Saudi Oil Cuts Take Seven Supertankers a Day Off the Market

Oil tankers are seen off the coast of California on May 1.
Oil tankers are seen off the coast of California on May 1. (Patrick T. Fallon/Bloomberg News)

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Saudi Arabia seems to have made good on its promise to cut oil production by a record amount in June.

Observed Saudi crude exports for this month fell to 5.7 million barrels a day through June 29, the lowest since Bloomberg began tracking the flows at the start of 2017. That compares with 6.2 million a day in May. It’s a reduction equivalent to more than seven full supertankers over the course of the month.

As the coronavirus ravages the global economy and saps energy demand, the Saudis are leading a push among major oil producers to cut supplies. State company Saudi Aramco agreed to cap output at 8.5 million barrels a day from May-July as part of an OPEC+ agreement to boost prices. The kingdom then went a step further, pledging to pump 1 million barrels daily less than that in June.

While changes in exports and overall production aren’t perfectly correlated, those curbs are showing up in the kingdom’s shipments to the world’s biggest economies. Flows to China, usually the largest purchaser, are down by about 45% on a monthly basis in June to 1.1 million barrels a day.


A recent flood of Saudi oil to the U.S. has dropped sharply. Flows in June have shriveled to 224,000 barrels a day, compared with almost 1.3 million in April, a three-year high. Only three supertankers and a smaller vessel were observed carrying Saudi crude to the U.S. in June, though more may emerge as some cargoes update their final destinations.

Tankers hauling a combined 17 million barrels of oil from the kingdom this month haven’t yet indicated their ultimate port of call. It takes a ship roughly six weeks to sail from Saudi Arabia to the U.S. and about three weeks to China. Any vessel leaving for America now would arrive in the first half of August.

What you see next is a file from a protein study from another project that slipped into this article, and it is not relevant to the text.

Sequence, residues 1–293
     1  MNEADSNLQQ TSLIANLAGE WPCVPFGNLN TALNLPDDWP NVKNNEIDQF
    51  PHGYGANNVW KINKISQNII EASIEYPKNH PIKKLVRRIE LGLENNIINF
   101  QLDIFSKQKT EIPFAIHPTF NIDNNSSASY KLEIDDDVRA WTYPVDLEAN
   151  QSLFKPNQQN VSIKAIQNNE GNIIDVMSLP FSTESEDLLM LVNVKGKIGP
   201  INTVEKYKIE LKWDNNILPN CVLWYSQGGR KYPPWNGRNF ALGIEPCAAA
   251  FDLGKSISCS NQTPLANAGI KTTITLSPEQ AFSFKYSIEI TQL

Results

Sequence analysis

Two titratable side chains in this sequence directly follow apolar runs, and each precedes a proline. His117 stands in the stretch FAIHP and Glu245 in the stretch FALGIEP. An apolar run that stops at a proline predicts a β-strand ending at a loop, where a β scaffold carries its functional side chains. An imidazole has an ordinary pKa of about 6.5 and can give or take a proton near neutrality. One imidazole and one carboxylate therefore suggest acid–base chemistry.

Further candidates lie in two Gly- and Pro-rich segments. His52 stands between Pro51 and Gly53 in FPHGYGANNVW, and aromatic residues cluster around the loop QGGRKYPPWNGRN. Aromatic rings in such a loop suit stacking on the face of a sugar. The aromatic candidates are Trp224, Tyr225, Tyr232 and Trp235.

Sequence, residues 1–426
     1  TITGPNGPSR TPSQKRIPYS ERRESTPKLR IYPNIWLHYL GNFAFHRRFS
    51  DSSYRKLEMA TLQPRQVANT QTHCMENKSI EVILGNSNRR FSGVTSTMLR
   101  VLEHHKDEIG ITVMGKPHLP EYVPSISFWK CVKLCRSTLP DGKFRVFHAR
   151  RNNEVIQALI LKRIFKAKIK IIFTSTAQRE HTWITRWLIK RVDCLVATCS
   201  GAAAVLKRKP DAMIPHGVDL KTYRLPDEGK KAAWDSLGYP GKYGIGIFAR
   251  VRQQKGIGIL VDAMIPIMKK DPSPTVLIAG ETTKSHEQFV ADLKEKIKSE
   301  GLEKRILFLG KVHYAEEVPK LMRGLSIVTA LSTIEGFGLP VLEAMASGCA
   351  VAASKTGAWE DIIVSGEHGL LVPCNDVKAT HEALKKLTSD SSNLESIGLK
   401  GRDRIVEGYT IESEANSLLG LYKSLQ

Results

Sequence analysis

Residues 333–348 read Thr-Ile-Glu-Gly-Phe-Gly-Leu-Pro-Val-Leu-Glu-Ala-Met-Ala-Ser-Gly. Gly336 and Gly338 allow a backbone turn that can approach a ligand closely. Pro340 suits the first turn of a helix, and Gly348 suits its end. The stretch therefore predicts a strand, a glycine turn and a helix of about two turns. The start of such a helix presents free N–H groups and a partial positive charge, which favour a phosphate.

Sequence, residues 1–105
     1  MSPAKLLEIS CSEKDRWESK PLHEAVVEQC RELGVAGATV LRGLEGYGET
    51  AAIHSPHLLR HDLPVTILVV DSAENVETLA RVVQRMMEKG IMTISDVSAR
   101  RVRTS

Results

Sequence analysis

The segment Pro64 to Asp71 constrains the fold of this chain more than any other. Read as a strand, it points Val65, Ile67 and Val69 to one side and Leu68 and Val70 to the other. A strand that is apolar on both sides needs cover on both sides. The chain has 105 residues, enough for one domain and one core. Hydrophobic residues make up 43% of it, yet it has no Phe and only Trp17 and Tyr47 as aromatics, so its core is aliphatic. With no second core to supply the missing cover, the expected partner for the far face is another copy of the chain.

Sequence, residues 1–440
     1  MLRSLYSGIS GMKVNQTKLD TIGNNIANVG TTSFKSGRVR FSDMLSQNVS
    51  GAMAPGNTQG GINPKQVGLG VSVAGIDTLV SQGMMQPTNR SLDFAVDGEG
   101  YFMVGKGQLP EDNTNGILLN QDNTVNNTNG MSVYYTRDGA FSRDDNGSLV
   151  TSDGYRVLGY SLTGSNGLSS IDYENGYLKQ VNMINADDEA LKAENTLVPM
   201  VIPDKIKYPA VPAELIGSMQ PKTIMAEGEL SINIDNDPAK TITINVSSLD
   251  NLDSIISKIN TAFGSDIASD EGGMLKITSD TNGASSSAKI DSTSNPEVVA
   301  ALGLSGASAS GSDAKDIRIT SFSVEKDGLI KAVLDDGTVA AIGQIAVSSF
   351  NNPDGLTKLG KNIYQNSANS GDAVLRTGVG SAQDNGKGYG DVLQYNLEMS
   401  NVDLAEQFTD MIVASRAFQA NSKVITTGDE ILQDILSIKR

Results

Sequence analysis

Wild Swings

The volume of oil from Saudi Arabia has swung wildly in the past few months, in part due to the lingering effects of the kingdom’s price war with Russia earlier in the year. Aramco slashed its official selling prices for oil in April and May, before raising them for this month, after the Organization of Petroleum Exporting Countries and its partners agreed to limit output.

One example of the whipsaw in Saudi flows is India, the closest major market. Riyadh’s crude exports to India soared to more than a million barrels a day in April, when prices were at historic lows. Cargoes then fell by almost 50% in May. Shipments are set to increase this month, though not by as much as expected in an analysis of Saudi oil flows in mid-June.

Exports to South Korea are also poised to climb to 1.1 million barrels a day, the highest in at least 3-1/2 years. Shipments to Japan are set to decline to about 610,000 barrels a day, the third consecutive monthly drop.

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